Bin Laden's driver pleads not guilty

Osama bin Laden's former driver, Salim Hamdan, has pleaded not guilty at the opening of the first war crimes trial before a special military tribunal at the US base in Guantanamo Bay, Cuba.

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“The trial has started and he pleaded not guilty,” said Cynthia Smith, spokeswoman for the US Defence Department. The trial is expected to take up to two weeks.

VIDEO: Guantanamo trial to begin

Mr Hamdan, from Yemen, is the first “enemy combatant” in Guantanamo from the US 'war on terror' to face a full-scale trial since the prison camp at the remote naval base was opened in late 2001.

He faces charges of “conspiracy” and “material support for terrorism,” and could receive life imprisonment if convicted by the controversial tribunals set up by President George W Bush.

Australian national David Hicks was to face a military trial in 2007 but pleaded guilty at a hearing before it began.

After being held without trial for five years, Hicks admitted to providing material support to terrorism as part of a deal that allowed him to return to his country where he served the remainder of his sentence.

Crucial test of tribunal system

The Pentagon is withholding the identities of the 13-member jury pool brought to Guantanamo over the weekend, but all are US military officers.

The trial is seen as a crucial test of the US's controversial military tribunal system.

The Bush administration set up the special military commissions in the wake of the September 11, 2001 attacks on the United States, saying terror suspects could not be adequately prosecuted in regular courts.

The military commissions were declared illegal in 2006 by the Supreme Court, only to be restored a few months later by the US Congress.

They have since faced a series of legal battles and hitches including a June Supreme Court decision that granted foreign terror suspects captured abroad the right to challenge their detention in US courts.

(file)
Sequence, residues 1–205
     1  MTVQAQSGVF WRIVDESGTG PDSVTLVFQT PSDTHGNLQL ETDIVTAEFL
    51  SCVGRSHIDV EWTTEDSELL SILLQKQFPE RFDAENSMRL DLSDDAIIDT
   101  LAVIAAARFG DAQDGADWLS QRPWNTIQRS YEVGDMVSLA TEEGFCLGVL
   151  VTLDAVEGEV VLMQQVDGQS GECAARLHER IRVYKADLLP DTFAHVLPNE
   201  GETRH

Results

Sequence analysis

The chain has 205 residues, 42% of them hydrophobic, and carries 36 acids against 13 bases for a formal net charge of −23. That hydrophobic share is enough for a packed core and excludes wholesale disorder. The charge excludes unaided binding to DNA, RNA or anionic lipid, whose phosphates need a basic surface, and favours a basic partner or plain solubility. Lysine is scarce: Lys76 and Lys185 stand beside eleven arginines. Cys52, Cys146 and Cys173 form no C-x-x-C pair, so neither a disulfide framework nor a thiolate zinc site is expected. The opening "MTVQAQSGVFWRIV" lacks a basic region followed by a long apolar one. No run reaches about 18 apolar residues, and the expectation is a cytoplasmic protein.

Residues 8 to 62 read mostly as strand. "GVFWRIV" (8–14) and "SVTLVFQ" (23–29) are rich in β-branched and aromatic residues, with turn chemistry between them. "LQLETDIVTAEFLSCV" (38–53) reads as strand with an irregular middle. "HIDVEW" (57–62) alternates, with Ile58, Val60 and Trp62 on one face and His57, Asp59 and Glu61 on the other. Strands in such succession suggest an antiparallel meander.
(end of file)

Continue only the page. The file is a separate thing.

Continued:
The indictment against Mr Hamdan, who is about 40 years old, alleges that he met bin Laden in the Afghan city of Kandahar in 1996 and “ultimately became a bodyguard and personal driver” for the al-Qaeda leader.

It alleges that he received training in the use of rifles, handguns and machine guns in an al-Qaeda camp and also “delivered weapons, ammunition or other supplies to al-Qaeda members and associates.”

Mistreatment allegations

Mr Hamdan was transferred in 2002 to Guantanamo – where he has spent much of his detention in isolation – and ordered tried by a military tribunal.

Lawyers for Mr Hamdan say he is not implicated in any terrorist activity even though he served as the al-Qaeda mastermind's driver.

They also argue that he was mistreated while in US custody and was subjected to sleep deprivation, including being awakened every hour by guards during a 50-day period in 2003.

The Bush administration has faced heated criticism from human rights groups for detaining prisoners for years at Guantanamo without giving them the right to defend themselves in court.

Mr Hamdan's case will be an important test of the military commission system. Of the 260 detainees currently in Guantanamo, only around 20 have been charged with a crime and the government plans to put only 60 to 80 of them on trial.

Mr Hamdan has been described by US journalists who attended his hearings at Guantanamo as haggard, with difficulty walking due to back pain.